A former Drug Enforcement Administration chief claims that Congress, lobbyists and the drug industry conspired to restrict the agency’s ability to halt suspicious drug shipments that contribute to the opioid epidemic, according to a joint investigation by The Washington Post and “60 Minutes.”
Limiting the DEA’s power allowed drug distributors to provide corrupt pharmacies and pain clinics across the United States with an overabundance of prescription opioids, which then filtered into the black market.
“This is an industry that allowed millions and millions of drugs to go into bad pharmacies and doctors’ offices, that distributed them out to people who had no legitimate need for those drugs,” Joe Rannazzisi, who served as deputy assistant administrator of the DEA’s Office of Diversion Control from 2006 to 2015, told “60 Minutes.”
He said the three largest distributors — Cardinal Health, McKesson, and AmerisourceBergen — have shipped a bevy of suspicious orders for prescription opioids to unreliable clinics in areas greatly affected by the epidemic, including West Virginia.
On Oct. 16, a day after a report on the investigation aired on “60 Minutes,” President Donald Trump said that he will soon declare the opioid crisis a national emergency, fulfilling a promise he made in August. He also said that he will release details next week on how his administration will combat the epidemic.
“This country and, frankly, the world has a drug problem,” Trump told reporters at a news conference. “We’re going to do something about it.”
The opioid crisis is the deadliest drug epidemic in U.S. history. According to the Centers for Disease Control and Prevention, 91 Americans die of opioid overdose every day. Since 1999, the number of overdose deaths involving heroin and prescription opioids has quadrupled.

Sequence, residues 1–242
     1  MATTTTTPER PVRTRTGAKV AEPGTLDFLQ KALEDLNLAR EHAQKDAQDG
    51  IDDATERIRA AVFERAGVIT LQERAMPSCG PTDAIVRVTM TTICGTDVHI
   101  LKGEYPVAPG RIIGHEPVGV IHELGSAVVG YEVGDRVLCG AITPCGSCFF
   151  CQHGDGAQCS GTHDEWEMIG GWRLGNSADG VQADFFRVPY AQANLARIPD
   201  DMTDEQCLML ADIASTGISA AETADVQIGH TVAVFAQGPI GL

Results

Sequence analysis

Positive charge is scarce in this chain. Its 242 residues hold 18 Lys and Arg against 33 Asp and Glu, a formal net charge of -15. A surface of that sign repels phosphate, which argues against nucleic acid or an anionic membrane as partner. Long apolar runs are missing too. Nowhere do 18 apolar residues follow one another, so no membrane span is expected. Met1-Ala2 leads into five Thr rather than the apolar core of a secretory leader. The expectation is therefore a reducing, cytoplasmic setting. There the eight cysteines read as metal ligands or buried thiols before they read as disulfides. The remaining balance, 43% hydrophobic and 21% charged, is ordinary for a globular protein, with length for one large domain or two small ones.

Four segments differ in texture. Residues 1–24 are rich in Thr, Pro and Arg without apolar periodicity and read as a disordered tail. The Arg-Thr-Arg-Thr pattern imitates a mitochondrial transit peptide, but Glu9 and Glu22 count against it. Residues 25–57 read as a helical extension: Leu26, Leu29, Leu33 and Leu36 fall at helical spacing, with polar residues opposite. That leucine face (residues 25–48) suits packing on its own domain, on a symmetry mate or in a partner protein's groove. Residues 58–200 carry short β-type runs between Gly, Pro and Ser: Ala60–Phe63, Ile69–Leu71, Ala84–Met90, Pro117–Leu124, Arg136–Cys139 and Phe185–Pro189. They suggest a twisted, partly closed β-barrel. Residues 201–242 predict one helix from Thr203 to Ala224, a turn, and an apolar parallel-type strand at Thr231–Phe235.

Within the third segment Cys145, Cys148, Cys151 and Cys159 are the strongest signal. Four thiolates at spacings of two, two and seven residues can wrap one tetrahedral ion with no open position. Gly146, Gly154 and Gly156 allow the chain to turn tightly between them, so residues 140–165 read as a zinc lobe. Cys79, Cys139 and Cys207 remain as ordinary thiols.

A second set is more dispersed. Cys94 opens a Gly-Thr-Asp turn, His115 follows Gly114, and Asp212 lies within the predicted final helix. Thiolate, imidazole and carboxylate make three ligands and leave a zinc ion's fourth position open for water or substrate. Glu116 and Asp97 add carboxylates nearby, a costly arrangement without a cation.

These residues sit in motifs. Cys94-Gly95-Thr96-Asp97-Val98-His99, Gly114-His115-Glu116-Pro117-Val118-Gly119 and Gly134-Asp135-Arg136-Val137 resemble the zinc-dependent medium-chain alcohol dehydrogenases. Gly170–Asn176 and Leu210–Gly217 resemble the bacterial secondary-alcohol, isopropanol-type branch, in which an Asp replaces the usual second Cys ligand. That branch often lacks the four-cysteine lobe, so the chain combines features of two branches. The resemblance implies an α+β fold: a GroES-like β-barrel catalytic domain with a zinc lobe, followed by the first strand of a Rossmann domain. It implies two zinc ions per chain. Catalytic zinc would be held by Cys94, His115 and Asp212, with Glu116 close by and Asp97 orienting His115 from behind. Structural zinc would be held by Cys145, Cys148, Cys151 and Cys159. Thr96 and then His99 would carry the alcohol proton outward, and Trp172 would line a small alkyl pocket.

During his time with the DEA, Rannazzisi aggressively pursued drug companies who supplied opioids to pill mills. When the DEA discovered that drug distributors were ignoring obligations to report suspicious drug orders, the agency threatened to revoke their registrations.
In 2008, the DEA fined McKesson and Cardinal Health for filling hundreds of suspicious orders for prescription opioids. Over a decade, the government assessed 17 cases against 13 drug companies and one manufacturer, which led to $425 million in fines.
Powerful drug companies eventually used their money and influence to pressure the DEA to tone down their distribution restrictions, according to Rannazzisi. As a result, DEA executives began demanding from investigators more evidence of wrongdoing before prosecuting distributors.
Jonathan Novak, former DEA attorney, said that many lawyers who worked for the agency accepted higher-paying positions to defend the drug companies. These litigators, who knew all the weak points in the DEA’s cases, told DEA executives that many cases filed against drug companies would not win in court.